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Re: front to rear reversals

With regard to Tim Cox's observation on front to rear reversals
in binaural recordings, I have made this distinction:

Discussion of the problem of front/rear reversals is clarified if
the distinction is made between the subjective experience of the
observer and the overt behavioral responses that the observer makes
in listening experiments.  When the observer is forced to make a choice
between two response categories for free-field source incidence angle,
front versus rear, then it is possible to have front/rear reversals.
In studies of this sort (e.g., Blauert, 1969/70) there is a correct answer,
as the sound source is actually located to the front or the rear of the
observer.  When, however, observers are asked to examine the subjective
experience they have during earphone listening, it is no longer appropriate
to use the term front/rear reversal, as the true report on the observer's
auditory spatial image is the only correct answer.  Of course, if a frontally
positioned sound source is recorded binaurally, we can ask earphone listeners
to make a choice about where they think the sound source was during recording;
but this is a different question than that regarding where the auditory spatial
image is actually located in the observers perceptual space.

For many observers a dry (non-reverberant) binaural recording of
a frontally-positioned sound source will result in a spatial image that
is located intracranially (inside the head).  This phenomenon underscores
the importance of clearly stating the nature of the judgment that the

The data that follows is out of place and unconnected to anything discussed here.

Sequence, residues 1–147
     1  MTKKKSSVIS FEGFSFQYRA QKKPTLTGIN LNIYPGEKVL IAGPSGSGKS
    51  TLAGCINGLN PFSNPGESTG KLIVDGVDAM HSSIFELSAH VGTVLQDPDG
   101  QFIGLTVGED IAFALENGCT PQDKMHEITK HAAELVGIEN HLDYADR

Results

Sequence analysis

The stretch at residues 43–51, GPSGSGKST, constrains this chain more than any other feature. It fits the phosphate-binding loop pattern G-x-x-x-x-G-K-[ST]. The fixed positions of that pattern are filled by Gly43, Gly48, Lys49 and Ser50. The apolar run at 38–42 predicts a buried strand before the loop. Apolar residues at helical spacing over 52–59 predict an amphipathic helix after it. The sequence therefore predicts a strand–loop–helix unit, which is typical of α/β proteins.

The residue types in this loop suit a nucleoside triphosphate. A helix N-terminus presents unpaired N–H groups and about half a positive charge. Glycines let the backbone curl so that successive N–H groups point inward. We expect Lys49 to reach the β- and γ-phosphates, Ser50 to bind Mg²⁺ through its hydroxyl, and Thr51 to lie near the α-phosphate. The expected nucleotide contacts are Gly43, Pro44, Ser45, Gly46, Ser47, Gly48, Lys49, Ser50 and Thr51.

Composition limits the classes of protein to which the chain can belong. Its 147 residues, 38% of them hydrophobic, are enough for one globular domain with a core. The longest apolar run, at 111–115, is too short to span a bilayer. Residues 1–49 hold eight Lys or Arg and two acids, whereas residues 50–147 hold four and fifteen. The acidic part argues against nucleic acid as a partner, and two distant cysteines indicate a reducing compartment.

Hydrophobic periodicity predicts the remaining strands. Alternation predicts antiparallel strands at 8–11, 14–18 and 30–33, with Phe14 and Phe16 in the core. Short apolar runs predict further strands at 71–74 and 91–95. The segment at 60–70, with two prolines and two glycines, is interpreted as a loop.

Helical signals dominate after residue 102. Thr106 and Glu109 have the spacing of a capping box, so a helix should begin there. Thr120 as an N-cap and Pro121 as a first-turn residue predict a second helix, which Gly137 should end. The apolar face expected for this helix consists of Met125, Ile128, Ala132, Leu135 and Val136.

observer must make in a spatial listening task.  Much of the
spatial hearing literature employing earphone presentation obscures this
issue by calling judgments about auditory images localization judgments.
The distinction must be made between the observer's localization performance
and the observer's ability to report the direction and distance
of an auditory image experienced during earphone listening.
Even when broadband stimuli are reproduced via precisely calibrated
earphones, there is no guarantee that veridical perception will result.
One reason is that veridical perception of sound-source location often is
not observed in free-field listening.  This observation and others led Shaw
(1982) to propose that earphone studies of spatial imagery be termed either
``space perception'' or ``sound localization.''

William L. Martens, Ph.D.             Associate Professor
Multimedia Systems Lab                URL: http://www.u-aizu.ac.jp/~wlm
University of Aizu                    TEL: [+81](242)37-2791
Aizu-Wakamatsu  965-8580, Japan       FAX: [+81](242)37-2731